Christmas bounty

the guts of it

I have been researching and experimenting with food ideas for my ‘Christmas Uncooked’ class in Perth on 14 December. After spotting a particular choc-coated coconut bar on a recent shopping expedition, I thought to myself, “I could make those raw.” So I did.

Now I have to be honest with you. I have not ever eaten a full Bounty Bar simply because I wasn’t a huge fan of coconut as a child. It has also been years — maybe 20, maybe more — since my last incomplete bar.

When you add all of that to the fact that my pregnant tastebuds aren’t behaving normally, it all points in one direction: External Taste-Testing Team. I didn’t have to look any further than my own home for three willing taste-testers and they all labelled the end product as “delicious”.

Recipe #124: Raw Chococo Bars. Makes at least 15 small bars / 30 cubes. In terms of special equipment, you will need a food processor, good quality blender or Thermomix [TM] to make this magic happen. You will also need at least one 20cm x 20cm baking tray and a large plate/cookie tray covered with baking paper.

You will need:
► 400g desiccated coconut
► 100g coconut oil
► 55g agave syrup
► 50g honey
► seeds scraped from ½ vanilla pod
► a good pinch of salt
► 1 quantity of raw chocolate [as per Recipe #92]

Start by liquefying the coconut oil [TM: set to 37°C and speed 3 for 3 minutes — or you could melt the coconut oil over a double boiler], then process this together with around half of the coconut as well as the honey, agave syrup, salt and vanilla until it formed a coarse paste [TM: speed 6-7 for 30-60 seconds, scraping down the sides every 10 seconds].

Stir through the remaining coconut [TM: reverse, speed 5 for 30 seconds, using a spatula to scrape down the sides every 7-10 seconds] until well combined.

Press the mixture into an even layer in the cake tin, score the surface gently with a pizza wheel [optional step: to encourage more chocolate to stick to the surface], then place the tin in the freezer for about an hour to chill.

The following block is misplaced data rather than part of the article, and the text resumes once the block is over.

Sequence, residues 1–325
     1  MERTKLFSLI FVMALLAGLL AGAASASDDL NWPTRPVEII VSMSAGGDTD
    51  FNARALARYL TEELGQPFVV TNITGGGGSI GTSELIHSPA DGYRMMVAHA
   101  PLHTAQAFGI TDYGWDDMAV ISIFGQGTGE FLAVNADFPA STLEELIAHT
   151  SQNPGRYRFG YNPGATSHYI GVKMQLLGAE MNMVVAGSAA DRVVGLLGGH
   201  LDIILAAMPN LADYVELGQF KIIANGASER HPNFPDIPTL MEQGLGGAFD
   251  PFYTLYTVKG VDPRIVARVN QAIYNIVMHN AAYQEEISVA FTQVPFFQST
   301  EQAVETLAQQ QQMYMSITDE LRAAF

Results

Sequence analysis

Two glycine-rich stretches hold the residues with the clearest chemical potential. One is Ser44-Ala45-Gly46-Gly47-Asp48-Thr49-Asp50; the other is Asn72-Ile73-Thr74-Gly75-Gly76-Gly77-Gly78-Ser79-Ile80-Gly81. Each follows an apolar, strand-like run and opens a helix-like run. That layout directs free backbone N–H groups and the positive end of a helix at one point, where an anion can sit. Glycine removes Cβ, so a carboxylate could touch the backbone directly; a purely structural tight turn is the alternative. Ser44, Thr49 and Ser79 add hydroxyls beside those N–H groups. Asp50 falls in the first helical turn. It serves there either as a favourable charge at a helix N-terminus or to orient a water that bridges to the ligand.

Next step: CAREFULLY turn out the mixture and cut it into bar shapes with a very sharp knife. [I say CAREFULLY because I was a little gung ho my first time around and ended up with a crumbled mess that I had to re-melt and re-set. This is why you had no blog post on Sunday :)].

undressed bounty bars

Place the bars back into the freezer to chill out for another hour or so. This step is important. Because you will be coating the bars with chocolate, you don’t want the coconut oil to melt into the chocolate = dripping, horrid sludge of a mess (though still very delicious, I am sure).

Prepare your chocolate and place it in a large bowl. Remove the bars from the freezer. Coat the bars very quickly one at a time, using a long spoon and a fork; allow excess chocolate to drip off the bar, as this will give you a neater finish. It’s not a problem if you do end up with a foot around each bar; just cut the excess from the bottom of the bar with a hot, sharp knife (heated under hot water then wiped dry immediately before use).

just coated

Place each bar onto the baking paper and, when all bars are finished, return these to the refrigerator or freezer for at least 10 minutes.

fresh from the freezer

Serve, eat, enjoy. Just remember that this is chocolate that will melt in your hand.

As well as these bars turned out, I think they would benefit from another round of freezing and a second chocolate coating. I also don’t think my choice of sweetener was correct. More experimentation is definitely needed but I am happy enough for now. Let me know what you think!

H 🙂

If you are interested in coming along to my ‘Christmas Uncooked’ class, please contact me [link defunct] to let me know of your interest. The class will run from 6-9pm on Wednesday 14 December; cost: $120 [venue TBA]. This recipe may or may not feature in the class; I will be experimenting with a raw version of Cherry Ripe as soon as my order of organic cherries arrives. Yum, yum.



  1. Thanks for your comments, Josey & Justine.

    Priscila, I think you’re onto something. Using fresh coconut flesh would absolutely ensure a raw end product, and it would have a natural moistness that this version lacks.

    H 🙂


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